Protein Bioinformatics in 3D: sequence – structure – function
The function of proteins can be studied at the atomic level using methods for molecular modeling and simulation of their three-dimensional structures.
Proteins are the key tools of the cell and are responsible for the most important functions of living organisms. The specific spatial structures of proteins are decisive for their function. Computer simulations allow us to model the properties of three-dimensional protein structures and obtain information about their function at an atomic level of detail. This knowledge helps in basic research on protein function as well as in drug development.
Computational Modeling of 3D structures
We develop computer programs which allow us to model the structure of proteins that have not previously been elucidated experimentally. We are focusing on comparative protein modeling methods, also known as "homology modeling". By this technique, the structure of an unknown protein is interpolated from structures of known related proteins. Using this approach, reliable predictions can be made for most proteins in typical model organisms.
Which mutations cause disease?
The possible effects of mutations on the function of a particular protein can often be interpreted with the help of its structure. This knowledge makes it easier to understand hereditary diseases in humans and to interpret the variations observed in the human genome. Conversely, computer models can be used for targeted planning of mutations in proteins in order to investigate their function in the laboratory.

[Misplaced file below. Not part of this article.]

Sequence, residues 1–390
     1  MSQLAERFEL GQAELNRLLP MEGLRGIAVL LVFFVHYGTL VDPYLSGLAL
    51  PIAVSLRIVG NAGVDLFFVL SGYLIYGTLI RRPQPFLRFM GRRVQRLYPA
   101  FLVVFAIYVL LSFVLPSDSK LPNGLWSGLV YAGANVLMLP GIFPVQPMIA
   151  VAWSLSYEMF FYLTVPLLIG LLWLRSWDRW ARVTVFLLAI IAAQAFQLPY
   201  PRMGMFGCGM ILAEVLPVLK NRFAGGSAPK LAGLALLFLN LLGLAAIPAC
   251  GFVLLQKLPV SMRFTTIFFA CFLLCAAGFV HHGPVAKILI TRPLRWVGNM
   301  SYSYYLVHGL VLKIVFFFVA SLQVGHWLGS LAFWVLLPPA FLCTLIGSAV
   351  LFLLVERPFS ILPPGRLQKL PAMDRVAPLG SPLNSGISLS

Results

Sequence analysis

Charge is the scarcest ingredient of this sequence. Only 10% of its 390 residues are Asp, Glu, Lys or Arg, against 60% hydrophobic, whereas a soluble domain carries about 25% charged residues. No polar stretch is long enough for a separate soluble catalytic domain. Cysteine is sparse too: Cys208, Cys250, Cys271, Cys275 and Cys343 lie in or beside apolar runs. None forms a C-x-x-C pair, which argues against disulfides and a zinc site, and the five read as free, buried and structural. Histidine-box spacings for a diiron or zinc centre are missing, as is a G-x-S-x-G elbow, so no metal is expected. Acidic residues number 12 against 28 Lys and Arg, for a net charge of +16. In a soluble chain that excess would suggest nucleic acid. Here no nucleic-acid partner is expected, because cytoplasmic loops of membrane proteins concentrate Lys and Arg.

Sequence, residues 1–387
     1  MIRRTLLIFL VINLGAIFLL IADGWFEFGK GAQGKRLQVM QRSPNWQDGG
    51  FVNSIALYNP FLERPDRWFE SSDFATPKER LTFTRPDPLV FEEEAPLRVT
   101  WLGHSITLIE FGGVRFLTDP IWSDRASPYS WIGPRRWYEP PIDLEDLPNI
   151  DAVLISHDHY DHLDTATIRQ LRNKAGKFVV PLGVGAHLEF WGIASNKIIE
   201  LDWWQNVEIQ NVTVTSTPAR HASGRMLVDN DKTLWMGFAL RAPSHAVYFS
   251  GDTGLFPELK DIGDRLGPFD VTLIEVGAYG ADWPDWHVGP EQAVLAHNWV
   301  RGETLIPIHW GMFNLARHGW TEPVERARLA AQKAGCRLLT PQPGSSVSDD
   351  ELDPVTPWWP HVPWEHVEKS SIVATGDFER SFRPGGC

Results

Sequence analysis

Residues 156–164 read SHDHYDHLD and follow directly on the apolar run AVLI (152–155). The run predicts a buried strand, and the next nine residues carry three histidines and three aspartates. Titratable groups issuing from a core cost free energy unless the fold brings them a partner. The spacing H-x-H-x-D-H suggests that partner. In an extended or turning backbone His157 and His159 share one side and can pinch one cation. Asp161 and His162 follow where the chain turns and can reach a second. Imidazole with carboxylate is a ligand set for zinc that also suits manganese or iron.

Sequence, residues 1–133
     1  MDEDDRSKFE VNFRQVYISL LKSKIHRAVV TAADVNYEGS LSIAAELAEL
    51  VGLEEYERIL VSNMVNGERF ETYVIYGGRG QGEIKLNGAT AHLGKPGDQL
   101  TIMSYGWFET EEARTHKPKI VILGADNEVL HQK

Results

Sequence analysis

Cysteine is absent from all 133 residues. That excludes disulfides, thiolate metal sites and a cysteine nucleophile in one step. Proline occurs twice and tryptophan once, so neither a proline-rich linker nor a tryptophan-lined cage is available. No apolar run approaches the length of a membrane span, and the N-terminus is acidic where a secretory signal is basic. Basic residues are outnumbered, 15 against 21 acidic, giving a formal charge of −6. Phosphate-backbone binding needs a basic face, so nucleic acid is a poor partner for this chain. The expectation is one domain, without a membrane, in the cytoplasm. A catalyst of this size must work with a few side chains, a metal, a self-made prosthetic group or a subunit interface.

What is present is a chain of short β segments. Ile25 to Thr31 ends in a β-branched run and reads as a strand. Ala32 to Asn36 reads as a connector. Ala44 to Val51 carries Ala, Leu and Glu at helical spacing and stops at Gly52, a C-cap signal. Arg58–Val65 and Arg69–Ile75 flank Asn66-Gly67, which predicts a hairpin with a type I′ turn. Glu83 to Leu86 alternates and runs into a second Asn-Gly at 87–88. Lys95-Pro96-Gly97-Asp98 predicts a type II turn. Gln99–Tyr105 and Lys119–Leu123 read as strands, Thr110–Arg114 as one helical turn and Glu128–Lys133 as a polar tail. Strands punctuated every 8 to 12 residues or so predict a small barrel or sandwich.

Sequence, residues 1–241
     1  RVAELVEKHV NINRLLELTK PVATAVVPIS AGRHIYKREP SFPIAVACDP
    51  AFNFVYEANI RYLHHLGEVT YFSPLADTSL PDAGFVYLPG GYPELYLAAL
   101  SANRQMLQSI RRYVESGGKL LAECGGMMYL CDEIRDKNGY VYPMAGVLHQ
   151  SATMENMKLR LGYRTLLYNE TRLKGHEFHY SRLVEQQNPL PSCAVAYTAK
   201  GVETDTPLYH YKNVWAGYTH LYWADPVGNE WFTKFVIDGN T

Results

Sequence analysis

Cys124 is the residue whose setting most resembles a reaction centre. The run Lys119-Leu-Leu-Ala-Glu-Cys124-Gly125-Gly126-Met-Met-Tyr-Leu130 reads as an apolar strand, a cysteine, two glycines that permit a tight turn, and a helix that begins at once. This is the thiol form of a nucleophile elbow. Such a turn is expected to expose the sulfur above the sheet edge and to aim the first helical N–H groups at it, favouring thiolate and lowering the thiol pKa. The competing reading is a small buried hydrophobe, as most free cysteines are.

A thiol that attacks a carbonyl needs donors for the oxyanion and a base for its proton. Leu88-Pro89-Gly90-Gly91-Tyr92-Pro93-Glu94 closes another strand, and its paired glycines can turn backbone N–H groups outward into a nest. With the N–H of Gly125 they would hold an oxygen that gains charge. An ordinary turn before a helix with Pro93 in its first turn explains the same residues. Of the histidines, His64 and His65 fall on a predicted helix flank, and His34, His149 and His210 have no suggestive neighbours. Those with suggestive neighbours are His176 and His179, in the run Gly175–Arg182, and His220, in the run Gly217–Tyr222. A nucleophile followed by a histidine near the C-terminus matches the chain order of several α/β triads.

Specific interactions with small molecule
Many proteins show interactions with small chemical molecules, e.g. with metabolites during metabolism or hormones in signal transmission. Computer simulations allow a better understanding of the receptor's binding specificity. Structure-based drug development involves a targeted search for chemical molecules that specifically occupy a particular binding site.
Cellular processes often depend on interactions between proteins and the formation of macromolecular complexes. Impairments of such interactions can lead to deregulation of pathways resulting in disease states. Detailed insight into such interactions is enabled by studying macromolecular models available with the latest SWISS-MODEL. Our method solely employs amino acid sequences of the interacting proteins as a user input to infer the stoichiometry and the overall structure of the assembly by homology modeling.